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“No One Has Ever Seen God … Behold Your Mother”: Our Lady’s Maternal Care
“No one has ever seen God … Behold, your Mother” (Jn 1:18, 19:27)
Why turn to the Blessed Mother when we have Jesus—saviour to us all, God incarnate?
Although two thousand years ago “the Word became Flesh and dwelt among us” (Jn 1:14), Christ was still not truly seen, for “the world knew Him not” (John 1:10), a truth that remains to this day. Even those who understand the Incarnation of Christ and authentically seek His ways cannot grasp the fullness of Truth which is Father, Son, and Holy Spirit.
The vulnerability of humanity, mired by original sin, needs a guide, a spiritual helpmate who is more intimate with Christ than anyone else—someone who is more open to the Holy Spirit, more willing to unreservedly do God’s will, and who can show believers “the way, the truth, and the life” (John 14:6) in a deeper way than they can reach on their own. Humanity was made by God to seek full unity with Him, but only one human being has ever achieved this goal to the fullest extent.
The Blessed Mother.
That’s why emulating her, seeking her intercessory assistance, and even consecrating oneself to her, isn’t a slight to Jesus but rather the best and quickest way individuals have to develop the deepest possible relationship with Christ.
This is the reason Catholics turn to Mary. Without any possible stain of error it’s she, and she alone, who can hold the hands of believers as she urges them toward her Son. She’s enthusiastic—as only a proud mother can be—to not only introduce individuals to Christ, but to encourage them to draw closer to Him. She, and only she, can show them how to cultivate that relationship. “This is my beloved Son, with whom I am well pleased” (Matt. 3:17; see also Mark 1:11, Luke 9:35).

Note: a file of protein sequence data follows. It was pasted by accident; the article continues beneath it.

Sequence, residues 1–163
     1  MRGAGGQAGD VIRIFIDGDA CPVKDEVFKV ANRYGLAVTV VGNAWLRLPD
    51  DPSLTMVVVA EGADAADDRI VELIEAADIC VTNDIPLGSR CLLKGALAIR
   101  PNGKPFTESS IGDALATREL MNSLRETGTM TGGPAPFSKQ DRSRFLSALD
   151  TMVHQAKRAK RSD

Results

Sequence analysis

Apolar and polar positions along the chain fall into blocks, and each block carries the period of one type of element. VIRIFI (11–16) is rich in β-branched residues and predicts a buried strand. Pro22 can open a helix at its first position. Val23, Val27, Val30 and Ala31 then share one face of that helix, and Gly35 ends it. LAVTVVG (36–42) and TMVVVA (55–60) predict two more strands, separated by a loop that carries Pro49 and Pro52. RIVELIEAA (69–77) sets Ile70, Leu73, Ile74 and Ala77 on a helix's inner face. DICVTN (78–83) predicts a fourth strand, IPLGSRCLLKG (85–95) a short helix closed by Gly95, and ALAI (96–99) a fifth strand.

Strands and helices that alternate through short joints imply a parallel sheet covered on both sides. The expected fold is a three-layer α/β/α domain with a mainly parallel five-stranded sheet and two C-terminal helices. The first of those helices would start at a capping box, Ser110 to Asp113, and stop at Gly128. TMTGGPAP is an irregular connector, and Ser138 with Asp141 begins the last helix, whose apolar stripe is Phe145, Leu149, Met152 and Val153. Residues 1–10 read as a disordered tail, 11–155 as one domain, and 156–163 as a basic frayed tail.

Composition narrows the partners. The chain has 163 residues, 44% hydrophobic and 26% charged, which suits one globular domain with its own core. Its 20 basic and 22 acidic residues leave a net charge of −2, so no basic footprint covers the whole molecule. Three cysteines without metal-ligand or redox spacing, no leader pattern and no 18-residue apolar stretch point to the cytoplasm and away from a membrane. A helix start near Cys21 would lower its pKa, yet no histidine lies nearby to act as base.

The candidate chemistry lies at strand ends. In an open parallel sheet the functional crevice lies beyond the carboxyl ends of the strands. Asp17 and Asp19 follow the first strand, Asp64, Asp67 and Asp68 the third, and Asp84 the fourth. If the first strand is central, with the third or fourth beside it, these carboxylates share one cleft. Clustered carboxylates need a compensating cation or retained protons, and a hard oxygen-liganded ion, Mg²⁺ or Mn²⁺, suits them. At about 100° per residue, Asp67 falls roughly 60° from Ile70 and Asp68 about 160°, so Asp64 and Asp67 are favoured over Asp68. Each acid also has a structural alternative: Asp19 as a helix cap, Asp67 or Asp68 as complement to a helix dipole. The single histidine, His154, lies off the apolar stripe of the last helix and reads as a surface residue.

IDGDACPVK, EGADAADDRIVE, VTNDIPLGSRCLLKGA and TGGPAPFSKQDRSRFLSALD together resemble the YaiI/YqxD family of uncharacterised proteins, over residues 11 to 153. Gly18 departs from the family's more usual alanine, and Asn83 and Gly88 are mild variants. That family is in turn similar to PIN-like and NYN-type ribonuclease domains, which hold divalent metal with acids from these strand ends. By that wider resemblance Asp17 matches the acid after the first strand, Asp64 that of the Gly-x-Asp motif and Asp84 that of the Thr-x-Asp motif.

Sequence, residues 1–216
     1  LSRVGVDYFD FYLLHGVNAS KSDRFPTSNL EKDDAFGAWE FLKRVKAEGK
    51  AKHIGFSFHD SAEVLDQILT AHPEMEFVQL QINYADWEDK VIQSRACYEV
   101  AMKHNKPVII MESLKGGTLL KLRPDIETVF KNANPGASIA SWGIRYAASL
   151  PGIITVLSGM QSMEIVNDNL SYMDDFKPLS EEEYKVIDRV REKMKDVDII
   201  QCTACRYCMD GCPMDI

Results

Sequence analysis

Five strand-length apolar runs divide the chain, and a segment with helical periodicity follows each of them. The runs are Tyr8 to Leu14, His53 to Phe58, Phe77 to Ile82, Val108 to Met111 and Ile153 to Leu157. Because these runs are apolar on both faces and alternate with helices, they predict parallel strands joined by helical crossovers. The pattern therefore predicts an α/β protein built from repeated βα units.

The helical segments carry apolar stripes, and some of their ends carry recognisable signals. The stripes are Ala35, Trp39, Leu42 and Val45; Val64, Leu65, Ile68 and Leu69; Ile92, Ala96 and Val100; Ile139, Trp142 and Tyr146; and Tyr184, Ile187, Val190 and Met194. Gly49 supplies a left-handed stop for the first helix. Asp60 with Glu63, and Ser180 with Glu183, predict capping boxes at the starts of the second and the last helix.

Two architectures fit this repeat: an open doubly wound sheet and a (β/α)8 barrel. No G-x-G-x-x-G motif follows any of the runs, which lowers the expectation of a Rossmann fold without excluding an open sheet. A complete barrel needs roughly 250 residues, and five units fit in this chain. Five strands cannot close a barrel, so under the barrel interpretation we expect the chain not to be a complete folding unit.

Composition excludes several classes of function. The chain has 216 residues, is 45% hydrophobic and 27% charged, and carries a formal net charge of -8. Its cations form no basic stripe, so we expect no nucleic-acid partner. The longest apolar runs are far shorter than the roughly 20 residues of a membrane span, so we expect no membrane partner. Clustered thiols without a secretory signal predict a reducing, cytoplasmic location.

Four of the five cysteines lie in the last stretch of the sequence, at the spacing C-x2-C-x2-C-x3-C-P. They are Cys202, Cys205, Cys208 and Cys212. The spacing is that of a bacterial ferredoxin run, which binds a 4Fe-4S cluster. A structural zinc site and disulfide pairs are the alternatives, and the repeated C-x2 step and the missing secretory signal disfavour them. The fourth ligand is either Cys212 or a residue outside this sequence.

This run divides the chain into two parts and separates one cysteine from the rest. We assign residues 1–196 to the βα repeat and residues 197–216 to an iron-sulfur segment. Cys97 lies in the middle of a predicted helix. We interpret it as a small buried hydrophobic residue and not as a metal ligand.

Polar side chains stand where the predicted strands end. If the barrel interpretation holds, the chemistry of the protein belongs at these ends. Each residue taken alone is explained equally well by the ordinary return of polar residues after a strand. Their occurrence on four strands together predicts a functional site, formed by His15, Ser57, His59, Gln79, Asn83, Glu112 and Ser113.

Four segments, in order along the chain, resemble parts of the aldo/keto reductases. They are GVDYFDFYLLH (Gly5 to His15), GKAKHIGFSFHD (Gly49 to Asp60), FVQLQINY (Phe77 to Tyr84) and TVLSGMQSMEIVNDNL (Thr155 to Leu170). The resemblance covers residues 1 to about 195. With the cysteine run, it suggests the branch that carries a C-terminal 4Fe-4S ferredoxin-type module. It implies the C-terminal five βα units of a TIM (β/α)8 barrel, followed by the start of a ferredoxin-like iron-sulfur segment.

A serious misunderstanding many non-Catholics have about Marian devotion is the false assumption that Catholics worship Mary.
Nothing can be further from the truth.
There are three levels of spiritual devotion—dulia, hyperdulia, and latria. Simply put, dulia is the veneration shown to the saints in heaven. We can ask for their prayers and intercession—just as we ask our loved ones here on earth to pray for us in times of need—but we don’t worship them.
We also don’t worship Mary, because she’s a creature like the rest of humanity. Even so, she’s elevated above the ordinary saints because she’s the one human being who has “a special affinity to God,” as St. Thomas Aquinas put it. No other person has or ever will attain such intimacy with Jesus Christ; no other human being can claim the Holy Spirit as spouse.
Hyperdulia is the exceptional veneration due to the Mary because of her glorious, yet human, state. When the faithful venerate Mary, it’s because of Christ.
However, hyperdulia should never be confused with latria, the worship due to God and to Him alone. “The Madonna is not pleased when she is put above her Son,” stated Pope John XXIII.
St. Louis de Montfort frequently stated that Mary, as our maternal guide, provides the “easy, short, perfect and secure way to attaining union with Our Lord.” For this reason, de Montfort not only dedicated his life to the Blessed Mother, but he became the premier saint in promoting consecration to her.
This devotion is a secure means of going to Jesus Christ, because it is the very characteristic of our Blessed Lady to conduct us surely to Jesus, just as it is the very characteristic of Jesus to conduct us surely to the Eternal Father … It is the way which Jesus Christ Himself trod in coming to us (True Devotion to Mary).